IN AND OUT!


20th Sunday in Ordinary Time (A)
August 14, 2011

Somewhat irreverently, and embarrassingly, I might add, the image that comes to me as I prepare for this Sunday’s liturgy is the burger joint famous in California called “IN & OUT.” It markets itself as the quintessential “all-american burger,” with milk shakes and all, and everything else that more health-conscious individuals properly would not consider “kosher.” I must say that it is good … to the last bite, as they say … and what a bite one makes as one sinks his or her teeth willingly in the sandwich that has become a by-word all over the world!

In and out … The readings talk about being “in” – that is, belonging. It talks about the inclusivity of salvation as given by God. But they also talk about being “out” – being outside the original fold for which the Lord’s message and gift of salvation was originally intended. They talk about being both “in” and “out”  … “all who keep the Sabbath free from profanation, and hold to my covenant, them I will bring to my holy mountain and make joyful in my house of prayer.” (1st reading).

We are both “in” and “out” right now. We are called to the same salvation. We are all entitled to join the believers as, indeed, we prayed right after the first reading: “O God, let all the nations praise you!” We believe. We belong. In the one Church. To the one Church of God founded by Christ.

But both have gradations and levels. We just don’t believe, period. We believe more or less, many a time. Just look at the number of those who claim to be “catholics” but who believe in not quite the same things as the Church officially teaches. Just look at us, still struggling to know all there is to know about our faith. Just look at one high-profile Filipino politician and lawmaker,  who, armed with an MA from a supposedly Catholic institution, speaks like as if Gustavo Gutierrez was the best thing that happened to post-Vatican II theology! Just look at him, who claims to be an artist, but whose best work so far, that he would like to pass off as “art,” is really nothing but a masked attack against those who believe truly and also belong!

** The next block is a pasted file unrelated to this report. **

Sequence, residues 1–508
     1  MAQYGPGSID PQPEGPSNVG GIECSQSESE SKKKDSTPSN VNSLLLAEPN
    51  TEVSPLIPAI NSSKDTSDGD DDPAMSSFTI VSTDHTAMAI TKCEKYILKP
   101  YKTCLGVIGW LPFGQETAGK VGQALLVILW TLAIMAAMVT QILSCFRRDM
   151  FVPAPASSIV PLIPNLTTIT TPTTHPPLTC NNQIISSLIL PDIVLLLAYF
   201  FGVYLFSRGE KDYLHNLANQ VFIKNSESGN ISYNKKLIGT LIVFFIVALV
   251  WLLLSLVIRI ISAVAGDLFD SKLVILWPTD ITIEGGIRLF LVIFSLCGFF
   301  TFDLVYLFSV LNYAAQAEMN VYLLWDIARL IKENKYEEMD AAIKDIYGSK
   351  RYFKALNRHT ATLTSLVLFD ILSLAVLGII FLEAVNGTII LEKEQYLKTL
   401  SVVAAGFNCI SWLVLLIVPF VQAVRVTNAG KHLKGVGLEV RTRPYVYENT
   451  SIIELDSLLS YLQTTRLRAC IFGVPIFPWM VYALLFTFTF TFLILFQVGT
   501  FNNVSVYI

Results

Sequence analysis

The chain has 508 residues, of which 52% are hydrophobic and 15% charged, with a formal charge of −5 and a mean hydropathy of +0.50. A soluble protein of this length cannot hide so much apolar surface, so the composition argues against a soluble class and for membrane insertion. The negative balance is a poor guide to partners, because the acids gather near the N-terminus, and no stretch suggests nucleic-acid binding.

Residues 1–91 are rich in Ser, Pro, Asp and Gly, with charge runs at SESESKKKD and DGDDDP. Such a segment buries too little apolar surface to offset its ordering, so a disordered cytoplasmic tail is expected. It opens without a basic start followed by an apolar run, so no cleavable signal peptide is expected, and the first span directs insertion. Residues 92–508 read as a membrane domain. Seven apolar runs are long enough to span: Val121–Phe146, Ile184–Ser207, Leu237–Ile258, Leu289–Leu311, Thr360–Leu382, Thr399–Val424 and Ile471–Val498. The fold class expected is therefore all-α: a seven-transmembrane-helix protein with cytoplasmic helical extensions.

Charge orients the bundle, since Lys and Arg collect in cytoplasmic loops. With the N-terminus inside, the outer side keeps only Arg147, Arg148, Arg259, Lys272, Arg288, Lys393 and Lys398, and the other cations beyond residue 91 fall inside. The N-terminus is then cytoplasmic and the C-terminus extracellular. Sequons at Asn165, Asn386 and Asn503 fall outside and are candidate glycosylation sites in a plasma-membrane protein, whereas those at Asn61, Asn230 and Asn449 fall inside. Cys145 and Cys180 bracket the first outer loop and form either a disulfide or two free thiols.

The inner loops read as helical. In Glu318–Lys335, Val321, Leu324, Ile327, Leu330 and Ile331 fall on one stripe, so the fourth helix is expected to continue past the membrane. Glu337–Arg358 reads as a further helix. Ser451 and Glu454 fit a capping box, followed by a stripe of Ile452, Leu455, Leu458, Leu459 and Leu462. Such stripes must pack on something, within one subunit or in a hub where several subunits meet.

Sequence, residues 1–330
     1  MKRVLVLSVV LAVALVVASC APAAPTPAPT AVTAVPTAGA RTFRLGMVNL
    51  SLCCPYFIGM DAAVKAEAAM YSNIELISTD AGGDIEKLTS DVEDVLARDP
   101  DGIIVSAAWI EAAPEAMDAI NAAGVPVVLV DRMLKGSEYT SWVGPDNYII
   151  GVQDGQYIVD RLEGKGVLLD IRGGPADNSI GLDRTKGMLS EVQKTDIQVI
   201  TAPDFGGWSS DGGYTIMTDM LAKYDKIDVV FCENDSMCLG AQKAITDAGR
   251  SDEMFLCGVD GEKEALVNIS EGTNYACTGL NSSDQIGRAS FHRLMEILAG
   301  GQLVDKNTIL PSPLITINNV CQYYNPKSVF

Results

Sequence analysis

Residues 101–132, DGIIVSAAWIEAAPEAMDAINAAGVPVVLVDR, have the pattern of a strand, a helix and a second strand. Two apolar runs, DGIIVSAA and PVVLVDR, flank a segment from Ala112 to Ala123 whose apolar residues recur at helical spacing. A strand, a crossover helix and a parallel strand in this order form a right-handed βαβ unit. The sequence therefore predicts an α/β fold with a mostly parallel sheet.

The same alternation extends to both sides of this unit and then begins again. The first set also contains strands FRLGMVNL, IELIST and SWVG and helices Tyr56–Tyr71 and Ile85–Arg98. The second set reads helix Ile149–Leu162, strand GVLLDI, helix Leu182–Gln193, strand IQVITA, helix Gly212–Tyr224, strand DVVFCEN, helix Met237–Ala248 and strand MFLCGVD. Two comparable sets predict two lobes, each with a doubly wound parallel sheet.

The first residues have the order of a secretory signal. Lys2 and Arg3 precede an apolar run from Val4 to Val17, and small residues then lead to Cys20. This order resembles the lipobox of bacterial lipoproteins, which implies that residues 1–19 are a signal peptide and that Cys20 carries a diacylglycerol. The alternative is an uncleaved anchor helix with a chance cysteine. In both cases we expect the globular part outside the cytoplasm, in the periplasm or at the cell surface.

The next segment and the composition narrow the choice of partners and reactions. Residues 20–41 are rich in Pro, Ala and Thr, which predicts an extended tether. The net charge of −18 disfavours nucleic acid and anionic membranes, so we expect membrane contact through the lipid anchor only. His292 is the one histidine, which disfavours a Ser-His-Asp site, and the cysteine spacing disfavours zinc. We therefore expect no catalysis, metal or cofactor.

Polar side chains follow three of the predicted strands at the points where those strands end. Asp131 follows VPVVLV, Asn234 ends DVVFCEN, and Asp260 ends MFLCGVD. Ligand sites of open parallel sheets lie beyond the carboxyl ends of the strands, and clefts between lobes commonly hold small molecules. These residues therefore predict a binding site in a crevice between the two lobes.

There is more than just irreverence here … and definitely more than being tasteless and tactless … in images of Christ peppered with phallic images and condoms as to make buffoonery out of something sacrosanct and held dear by those who truly believe, whilst trying hard to really belong!

Even Christ was limited by boundaries. As a Jew and as a man, he did the unthinkable. He went out of his regular boundaries and wended his way to pagan territory. He it was, not the pagan woman, who crossed bounds. He it was, who sought out the “territory of Tyre and Sidon.” For this is what God is like, apparently, as we can glean from the behavior of the Lord. Though limited by boundaries, God is never bound by limits. He is never bound by culture, for one thing. He is not bound and enslaved by tradition. He goes out of his way, very literally. He allows himself to be talked to and addressed by a Canaanite woman – a pagan, and worst of all, a woman, talking to a Jew, a man, and, by any standard, a respectable Jewish man!